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The Geysers-Clear Lake area, California: thermal waters, mineralization, volcanism, and geothermal potential

Economic Geology

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, , , , and

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Abstract

Manifestations of a major thermal anomaly in the Geysers-Clear Lake area of northern California include the late Pliocene to Holocene Clear Lake Volcanics, The Geysers geothermal field, abundant thermal springs, and epithermal mercury and gold mineralization. The epithermal mineralization and thermal springs typically occur along high-angle faults within the broad San Andreas transform fault system that forms the western boundary of the North American plate in this area. The young volcanic rocks overlie Mesozoic marine rocks of the Great Valley sequence which have been thrust above the coeval Franciscan Complex and penecontemporaneously dropped back down along low-angle detachment faults. Geothermal power production has peaked at The Geysers and pressure declines indicate significant depletion of the fluid resource. It is proposed that recently discovered, isotopically shifted steam in the northwest Geysers area indicates the presence not of deep connate water but rather of boiled-down, boron-rich Franciscan evolved meteoric water. This water is likely to be present in limited quantities and will not provide a significant hot water resource for geothermal power production at The Geysers field or from the main Clear Lake volcanic field. -from Authors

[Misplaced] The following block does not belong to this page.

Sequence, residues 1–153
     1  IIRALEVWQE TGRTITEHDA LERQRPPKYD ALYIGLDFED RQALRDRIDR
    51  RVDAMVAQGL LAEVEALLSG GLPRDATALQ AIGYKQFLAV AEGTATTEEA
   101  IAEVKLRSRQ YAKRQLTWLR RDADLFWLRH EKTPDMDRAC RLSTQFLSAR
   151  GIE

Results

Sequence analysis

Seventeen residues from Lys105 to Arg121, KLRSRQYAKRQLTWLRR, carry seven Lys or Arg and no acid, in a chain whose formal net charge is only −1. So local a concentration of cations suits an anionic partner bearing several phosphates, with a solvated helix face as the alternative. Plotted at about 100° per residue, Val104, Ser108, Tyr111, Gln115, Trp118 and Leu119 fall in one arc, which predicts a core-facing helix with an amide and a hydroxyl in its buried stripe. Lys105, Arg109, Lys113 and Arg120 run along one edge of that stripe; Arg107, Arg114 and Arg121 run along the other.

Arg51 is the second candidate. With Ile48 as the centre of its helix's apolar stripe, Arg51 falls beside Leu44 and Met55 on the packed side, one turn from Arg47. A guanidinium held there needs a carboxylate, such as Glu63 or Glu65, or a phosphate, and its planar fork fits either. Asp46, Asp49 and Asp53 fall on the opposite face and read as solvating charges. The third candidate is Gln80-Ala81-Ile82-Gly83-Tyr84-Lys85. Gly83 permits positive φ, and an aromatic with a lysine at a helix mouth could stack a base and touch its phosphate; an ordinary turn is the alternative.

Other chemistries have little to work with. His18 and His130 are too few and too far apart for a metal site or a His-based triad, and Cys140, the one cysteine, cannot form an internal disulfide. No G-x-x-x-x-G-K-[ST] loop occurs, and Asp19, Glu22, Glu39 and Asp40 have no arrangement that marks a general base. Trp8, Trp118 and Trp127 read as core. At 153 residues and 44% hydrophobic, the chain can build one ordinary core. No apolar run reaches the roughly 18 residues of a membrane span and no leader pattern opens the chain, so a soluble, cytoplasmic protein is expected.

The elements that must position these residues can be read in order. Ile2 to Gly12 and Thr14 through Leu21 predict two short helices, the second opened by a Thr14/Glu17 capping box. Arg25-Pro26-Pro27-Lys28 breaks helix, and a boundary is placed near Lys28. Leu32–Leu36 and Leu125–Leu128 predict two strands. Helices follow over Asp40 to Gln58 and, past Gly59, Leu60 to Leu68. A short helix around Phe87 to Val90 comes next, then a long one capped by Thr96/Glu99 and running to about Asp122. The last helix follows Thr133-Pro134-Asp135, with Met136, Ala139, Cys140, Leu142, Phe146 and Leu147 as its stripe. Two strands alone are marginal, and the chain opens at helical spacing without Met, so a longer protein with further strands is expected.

Additional Publication Details

Publication type:
Article
Publication Subtype:
Journal Article
Title:
The Geysers-Clear Lake area, California: thermal waters, mineralization, volcanism, and geothermal potential
Series title:
Economic Geology
Volume
88
Issue:
2
Year Published:
1993
Language:
English
Larger Work Type:
Article
Larger Work Subtype:
Journal Article
Larger Work Title:
Economic Geology
First page:
301
Last page:
316
Number of Pages:
16